If there is a temporary underspeed, I think this must be due to the inertia of some real loads. If, instead of applying a friction brake to the motor as might be done in a dynamometer test, you changed gear so that a mass had to accelerate, then you are not applying a constant load and the strange speed load graph shown for example here at Electrical4U Elec4U-shunt-motor.png is really showing the variation in load as this inertial load accelerates to the new equilibrium speed.
     
  7. Apr 24, 2015 #6

    cnh1995

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    That's the graph I have in my textbook.Yes,you are right.That inertia point didn't occur to me. Thanks..
     
  8. Apr 24, 2015 #7

    cnh1995

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    I have a big confusion (maybe stupid) about series motor too..When it is started, high starting torque is generated and motor starts rotating. Due to rotation,back emf will be produced and it will reduce the current. As Ia=If, both will be reduced. This will reduce the field flux. So,back emf will get reduced. This will again increase the current and flux. This increase-decrease in current will carry on forever..Where am I getting it wrong?? How is the steady state attained??
     
  9. Apr 24, 2015 #8

    Merlin3189

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    You are not getting it wrong! This is a problem with lightly loaded series wound motors.' http://en.wikipedia.org/wiki/DC_motor#Series_connection

    I'm not an expert on this, but my understanding is that as long as there is an adequate load, the motor cannot overspeed because as the speed increases, the torque of the motor reduces. For any load there will be an equilibrium speed where, if the speed increases slightly, the emf increases, reduces the current and torque, so the motor slows down. Even though the reduced field would allow a higher speed for the same emf, the motor cannot accelerate the load to reach this point.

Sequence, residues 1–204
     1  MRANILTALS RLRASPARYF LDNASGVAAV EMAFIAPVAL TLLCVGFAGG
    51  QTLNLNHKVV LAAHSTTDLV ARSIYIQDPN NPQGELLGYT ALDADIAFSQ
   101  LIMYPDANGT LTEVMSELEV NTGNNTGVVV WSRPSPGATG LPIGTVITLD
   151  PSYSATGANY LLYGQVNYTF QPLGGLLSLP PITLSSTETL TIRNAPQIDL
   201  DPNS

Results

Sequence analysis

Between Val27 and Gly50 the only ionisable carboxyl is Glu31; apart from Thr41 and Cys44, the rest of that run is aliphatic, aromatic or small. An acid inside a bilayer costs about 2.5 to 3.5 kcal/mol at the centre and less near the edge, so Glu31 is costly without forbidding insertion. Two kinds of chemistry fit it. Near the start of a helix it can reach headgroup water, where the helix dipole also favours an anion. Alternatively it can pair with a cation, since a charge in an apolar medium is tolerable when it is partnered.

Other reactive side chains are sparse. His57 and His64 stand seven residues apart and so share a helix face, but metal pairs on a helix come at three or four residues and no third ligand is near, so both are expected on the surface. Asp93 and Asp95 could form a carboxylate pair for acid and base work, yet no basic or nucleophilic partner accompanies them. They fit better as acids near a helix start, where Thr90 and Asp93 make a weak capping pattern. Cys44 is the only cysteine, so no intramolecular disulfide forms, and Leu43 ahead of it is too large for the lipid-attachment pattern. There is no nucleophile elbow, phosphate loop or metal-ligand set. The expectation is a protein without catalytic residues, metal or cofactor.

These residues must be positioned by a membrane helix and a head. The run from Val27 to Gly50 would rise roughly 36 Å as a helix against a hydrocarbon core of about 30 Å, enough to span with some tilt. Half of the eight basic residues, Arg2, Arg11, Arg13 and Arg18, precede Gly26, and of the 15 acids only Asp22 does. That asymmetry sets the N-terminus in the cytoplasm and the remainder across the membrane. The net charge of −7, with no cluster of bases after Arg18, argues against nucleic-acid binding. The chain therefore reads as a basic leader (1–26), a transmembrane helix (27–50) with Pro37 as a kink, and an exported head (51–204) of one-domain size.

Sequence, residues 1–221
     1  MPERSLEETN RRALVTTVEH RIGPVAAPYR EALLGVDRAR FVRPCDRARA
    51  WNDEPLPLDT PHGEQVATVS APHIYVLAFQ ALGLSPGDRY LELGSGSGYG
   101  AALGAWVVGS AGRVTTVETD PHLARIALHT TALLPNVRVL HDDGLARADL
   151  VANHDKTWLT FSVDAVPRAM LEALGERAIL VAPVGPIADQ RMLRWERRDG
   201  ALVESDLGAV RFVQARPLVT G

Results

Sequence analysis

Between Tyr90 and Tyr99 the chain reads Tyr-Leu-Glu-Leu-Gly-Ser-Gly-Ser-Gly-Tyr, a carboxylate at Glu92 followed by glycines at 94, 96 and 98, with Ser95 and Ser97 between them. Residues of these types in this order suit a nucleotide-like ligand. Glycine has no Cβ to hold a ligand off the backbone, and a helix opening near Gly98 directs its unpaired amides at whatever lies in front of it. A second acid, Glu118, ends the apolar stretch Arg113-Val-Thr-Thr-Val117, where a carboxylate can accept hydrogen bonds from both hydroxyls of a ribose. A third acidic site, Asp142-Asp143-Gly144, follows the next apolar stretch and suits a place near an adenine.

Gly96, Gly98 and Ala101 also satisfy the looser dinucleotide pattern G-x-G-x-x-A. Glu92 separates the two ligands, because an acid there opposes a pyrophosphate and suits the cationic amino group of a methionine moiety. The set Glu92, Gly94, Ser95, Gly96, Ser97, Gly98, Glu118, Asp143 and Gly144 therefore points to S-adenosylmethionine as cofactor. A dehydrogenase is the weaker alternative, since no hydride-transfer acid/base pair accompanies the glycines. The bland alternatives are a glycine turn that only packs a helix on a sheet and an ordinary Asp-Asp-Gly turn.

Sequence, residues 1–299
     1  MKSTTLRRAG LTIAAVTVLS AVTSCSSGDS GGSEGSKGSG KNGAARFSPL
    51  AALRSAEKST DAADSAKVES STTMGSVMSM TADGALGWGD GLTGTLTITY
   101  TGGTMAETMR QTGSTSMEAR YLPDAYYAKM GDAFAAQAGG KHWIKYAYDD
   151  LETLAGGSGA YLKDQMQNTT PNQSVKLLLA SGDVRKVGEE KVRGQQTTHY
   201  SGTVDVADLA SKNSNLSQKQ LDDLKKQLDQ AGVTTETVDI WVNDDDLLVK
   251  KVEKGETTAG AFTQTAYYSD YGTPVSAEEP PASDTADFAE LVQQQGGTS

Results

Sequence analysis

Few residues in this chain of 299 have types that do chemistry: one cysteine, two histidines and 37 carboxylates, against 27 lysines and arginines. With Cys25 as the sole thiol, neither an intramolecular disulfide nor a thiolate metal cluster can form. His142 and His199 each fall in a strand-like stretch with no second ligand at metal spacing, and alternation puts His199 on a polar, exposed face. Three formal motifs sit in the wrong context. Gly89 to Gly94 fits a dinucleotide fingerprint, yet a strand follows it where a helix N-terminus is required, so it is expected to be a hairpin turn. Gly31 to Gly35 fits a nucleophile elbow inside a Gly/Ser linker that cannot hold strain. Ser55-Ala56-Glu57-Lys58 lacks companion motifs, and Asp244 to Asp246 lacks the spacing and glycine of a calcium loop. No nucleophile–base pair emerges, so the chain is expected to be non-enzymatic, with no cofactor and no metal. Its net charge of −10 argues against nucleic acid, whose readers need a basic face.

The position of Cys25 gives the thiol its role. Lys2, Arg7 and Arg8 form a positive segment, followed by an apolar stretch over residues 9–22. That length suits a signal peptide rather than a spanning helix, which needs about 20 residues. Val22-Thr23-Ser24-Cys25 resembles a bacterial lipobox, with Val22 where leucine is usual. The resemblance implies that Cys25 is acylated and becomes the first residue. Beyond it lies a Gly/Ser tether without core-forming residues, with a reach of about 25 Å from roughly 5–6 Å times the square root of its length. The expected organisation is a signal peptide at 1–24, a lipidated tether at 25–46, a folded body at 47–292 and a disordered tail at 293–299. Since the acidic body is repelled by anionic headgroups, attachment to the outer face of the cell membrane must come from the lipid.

At any given operating point the motor is not unstable because the feedback, described in the runaway scenario, is not positive: the torque is still decreasing with speed. The danger comes when the load drops too low (typically a break in the transmission decouples the load) and the equilibrium point is now at too high a speed for the motor to tolerate.
    The torque speed characteristic is non linear. At low speeds the torque drops rapidly with increasing speed leading to stable operating points, but at higher speeds it is less stable because torque falls slowly with large increases in speed.
     
  10. Apr 24, 2015 #9

    cnh1995

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    That helped...Thanks a lot..:smile:
     
  11. Apr 24, 2015 #10

    Hesch

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    For a conventional shunt-motor:

    https://www.google.com/search?q=shu...tpub.com%2F14177%2Fcss%2F14177_52.htm;336;259

    I have found (after some calculations) that the stationary change in speed due to a stationary change in torque can be expressed:

    Δω = ΔT*R / Km2, ω=rad/s, T=Nm, Km=motor-constant [ Nm/A ], R= resistance in the rotor-turns.

    Also that the motor may have an undershoot/overshoot when changing the torque, if R is small compared to self-induction (L) in the rotor.